The whole world is in recession. But the United States is the only wealthy country in which the economic catastrophe will also be a health care catastrophe – in which millions of people will lose their health insurance along with their jobs, and therefore lose access to essential care.
Which raises a question: Why has the Obama administration been silent, at least so far, about one of President Obama’s key promises during last year’s campaign – the promise of guaranteed health care for all Americans?
Let’s talk about the magnitude of the looming health care disaster.
Just about all economic forecasts, including those of the Obama administration’s own economists, say that we’re in for a prolonged period of very high unemployment. And high unemployment means a sharp rise in the number of Americans without health insurance.
After the economy slumped at the beginning of this decade, five million people joined the ranks of the uninsured – and that was with the unemployment rate peaking at only 6.3 percent. This time the Obama administration says that even with its stimulus plan, unemployment will reach 8 percent, and that it will stay above 6 percent until 2012. Many independent forecasts are even more pessimistic.
Why, then, aren’t we hearing more about ensuring health care access?
Now, it’s possible that those of us who care about this issue are reading too much into the administration’s silence. But let me address three arguments that I suspect Mr. Obama is hearing against moving on health care, and explain why they’re wrong.
First, some people are arguing that a major expansion of health care access would just be too expensive right now, given the vast sums we’re about to spend trying to rescue the economy.
But research sponsored by the Commonwealth Fund shows that achieving universal coverage with a plan similar to Mr. Obama’s campaign proposals would add "only"
about $104 billion to federal spending in 2010 – not a small sum, of course, but not large compared with, say, the tax cuts in the Obama stimulus plan.
It’s true that the cost of universal health care will be a continuing expense, reaching far into the future. But that has always been true, and Mr. Obama has always claimed that his health care plan was affordable. The temporary expenses of his stimulus plan shouldn’t change that calculation.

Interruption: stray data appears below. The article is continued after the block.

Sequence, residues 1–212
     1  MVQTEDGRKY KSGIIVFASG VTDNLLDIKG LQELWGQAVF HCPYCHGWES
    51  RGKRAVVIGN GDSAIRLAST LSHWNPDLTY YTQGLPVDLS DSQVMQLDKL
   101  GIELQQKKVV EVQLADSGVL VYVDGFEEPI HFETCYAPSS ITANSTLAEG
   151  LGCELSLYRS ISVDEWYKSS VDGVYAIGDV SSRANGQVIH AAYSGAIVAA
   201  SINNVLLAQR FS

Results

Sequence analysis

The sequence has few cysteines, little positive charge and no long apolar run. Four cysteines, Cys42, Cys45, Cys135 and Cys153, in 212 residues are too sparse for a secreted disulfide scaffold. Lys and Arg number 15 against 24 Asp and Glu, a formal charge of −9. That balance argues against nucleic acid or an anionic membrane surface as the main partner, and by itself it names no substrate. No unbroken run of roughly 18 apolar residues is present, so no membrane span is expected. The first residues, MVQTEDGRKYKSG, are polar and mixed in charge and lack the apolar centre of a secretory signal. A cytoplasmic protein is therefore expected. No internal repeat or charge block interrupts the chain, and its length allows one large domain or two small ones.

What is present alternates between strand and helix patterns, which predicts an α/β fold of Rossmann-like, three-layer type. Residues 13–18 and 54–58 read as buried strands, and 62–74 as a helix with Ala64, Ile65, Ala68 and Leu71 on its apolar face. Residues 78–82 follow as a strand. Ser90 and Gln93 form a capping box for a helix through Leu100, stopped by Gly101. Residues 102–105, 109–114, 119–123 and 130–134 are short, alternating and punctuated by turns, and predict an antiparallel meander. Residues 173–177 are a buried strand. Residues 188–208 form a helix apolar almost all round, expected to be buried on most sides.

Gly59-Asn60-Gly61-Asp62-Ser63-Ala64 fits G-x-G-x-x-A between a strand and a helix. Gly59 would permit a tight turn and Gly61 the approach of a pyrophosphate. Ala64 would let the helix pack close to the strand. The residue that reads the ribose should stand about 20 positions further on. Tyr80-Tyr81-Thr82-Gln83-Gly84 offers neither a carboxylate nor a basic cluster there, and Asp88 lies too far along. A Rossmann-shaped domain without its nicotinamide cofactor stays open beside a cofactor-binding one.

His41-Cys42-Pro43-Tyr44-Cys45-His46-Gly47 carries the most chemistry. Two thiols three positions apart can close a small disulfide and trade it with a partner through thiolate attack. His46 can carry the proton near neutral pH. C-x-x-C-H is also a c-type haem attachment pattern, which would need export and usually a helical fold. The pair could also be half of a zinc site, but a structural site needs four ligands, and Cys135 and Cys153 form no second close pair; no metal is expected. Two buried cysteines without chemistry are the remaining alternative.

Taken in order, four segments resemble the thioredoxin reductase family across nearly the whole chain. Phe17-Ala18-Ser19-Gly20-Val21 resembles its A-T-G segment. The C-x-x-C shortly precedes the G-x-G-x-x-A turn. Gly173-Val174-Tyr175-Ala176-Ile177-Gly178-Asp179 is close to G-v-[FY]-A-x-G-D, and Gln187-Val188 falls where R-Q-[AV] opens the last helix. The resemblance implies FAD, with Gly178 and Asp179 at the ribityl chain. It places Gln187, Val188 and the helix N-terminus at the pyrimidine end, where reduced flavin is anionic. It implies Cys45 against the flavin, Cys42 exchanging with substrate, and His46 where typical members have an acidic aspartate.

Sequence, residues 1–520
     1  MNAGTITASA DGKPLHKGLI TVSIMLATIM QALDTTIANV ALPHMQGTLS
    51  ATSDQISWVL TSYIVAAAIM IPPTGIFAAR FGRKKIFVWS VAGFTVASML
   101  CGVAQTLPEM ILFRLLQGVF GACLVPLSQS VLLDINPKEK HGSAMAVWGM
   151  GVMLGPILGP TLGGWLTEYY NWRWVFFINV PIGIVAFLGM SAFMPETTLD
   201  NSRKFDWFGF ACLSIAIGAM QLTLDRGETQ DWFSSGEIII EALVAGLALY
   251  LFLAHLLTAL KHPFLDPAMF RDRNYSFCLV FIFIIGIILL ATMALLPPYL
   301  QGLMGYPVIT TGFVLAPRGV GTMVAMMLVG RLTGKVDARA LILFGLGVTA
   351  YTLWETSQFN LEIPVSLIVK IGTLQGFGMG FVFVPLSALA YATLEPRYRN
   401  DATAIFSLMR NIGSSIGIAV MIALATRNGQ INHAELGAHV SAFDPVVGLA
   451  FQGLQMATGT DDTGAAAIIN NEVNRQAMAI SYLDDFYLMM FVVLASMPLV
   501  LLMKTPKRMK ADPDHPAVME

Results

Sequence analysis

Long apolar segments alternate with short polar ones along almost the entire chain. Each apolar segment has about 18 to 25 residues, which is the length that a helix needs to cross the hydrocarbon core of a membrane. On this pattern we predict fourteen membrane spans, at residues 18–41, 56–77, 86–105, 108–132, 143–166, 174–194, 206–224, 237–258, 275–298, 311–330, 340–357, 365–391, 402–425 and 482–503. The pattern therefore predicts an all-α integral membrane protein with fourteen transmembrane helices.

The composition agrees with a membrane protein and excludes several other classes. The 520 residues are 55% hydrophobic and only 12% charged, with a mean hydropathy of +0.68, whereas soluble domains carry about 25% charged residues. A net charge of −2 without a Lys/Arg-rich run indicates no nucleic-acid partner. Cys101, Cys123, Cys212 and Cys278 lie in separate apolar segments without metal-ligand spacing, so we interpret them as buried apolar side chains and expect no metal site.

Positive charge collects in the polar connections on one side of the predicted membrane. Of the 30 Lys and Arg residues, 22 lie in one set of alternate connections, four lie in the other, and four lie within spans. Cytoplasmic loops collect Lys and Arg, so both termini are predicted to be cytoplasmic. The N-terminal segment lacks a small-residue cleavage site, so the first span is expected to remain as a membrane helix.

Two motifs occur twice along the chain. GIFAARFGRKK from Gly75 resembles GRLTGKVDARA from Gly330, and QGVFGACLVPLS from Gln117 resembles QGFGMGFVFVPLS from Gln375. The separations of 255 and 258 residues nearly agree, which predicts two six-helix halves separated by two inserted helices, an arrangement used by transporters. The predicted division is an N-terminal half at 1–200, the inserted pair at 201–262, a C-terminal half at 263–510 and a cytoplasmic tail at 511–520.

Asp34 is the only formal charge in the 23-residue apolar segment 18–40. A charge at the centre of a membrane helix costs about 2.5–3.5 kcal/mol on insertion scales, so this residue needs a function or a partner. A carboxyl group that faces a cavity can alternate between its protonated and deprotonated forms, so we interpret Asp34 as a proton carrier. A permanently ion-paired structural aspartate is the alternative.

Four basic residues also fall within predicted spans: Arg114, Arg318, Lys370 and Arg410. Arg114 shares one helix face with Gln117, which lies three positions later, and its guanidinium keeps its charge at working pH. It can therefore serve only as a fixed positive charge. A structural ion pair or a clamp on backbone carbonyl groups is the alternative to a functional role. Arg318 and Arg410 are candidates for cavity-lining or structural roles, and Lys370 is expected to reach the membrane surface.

Second, some people in Mr. Obama’s circle may be arguing that health care reform isn’t a priority right now, in the face of economic crisis.
But helping families purchase health insurance as part of a universal coverage plan would be at least as effective a way of boosting the economy as the tax breaks that make up roughly a third of the stimulus plan – and it would have the added benefit of directly helping families get through the crisis, ending one of the major sources of Americans’ current anxiety.
Finally – and this is, I suspect, the real reason for the administration’s health care silence – there’s the political argument that this is a bad time to be pushing fundamental health care reform, because the nation’s attention is focused on the economic crisis. But if history is any guide, this argument is precisely wrong.
Don’t take my word for it. Rahm Emanuel, the White House chief of staff, has declared that "you never want a serious crisis to go to waste." Indeed. F.D.R. was able to enact Social Security in part because the Great Depression highlighted the need for a stronger social safety net. And the current crisis presents a real opportunity to fix the gaping holes that remain in that safety net, especially with regard to health care.
And Mr. Obama really, really doesn’t want to repeat the mistakes of Bill Clinton, whose health care push failed politically partly because he moved too slowly: by the time his administration was ready to submit legislation, the economy was recovering from recession and the sense of urgency was fading.
One more thing. There’s a populist rage building in this country, as Americans see bankers getting huge bailouts while ordinary citizens suffer.
I agree with administration officials who argue that these financial bailouts are necessary (though I have problems with the specifics). But I also agree with Barney Frank, the chairman of the House Financial Services Committee, who argues that – as a matter of political necessity as well as social justice – aid to bankers has to be linked to a strengthening of the social safety net, so that Americans can see that the government is ready to help everyone, not just the rich and powerful.
The bottom line, then, is that this is no time to let campaign promises of guaranteed health care be quietly forgotten. It is, instead, a time to put the push for universal care front and center. Health care now!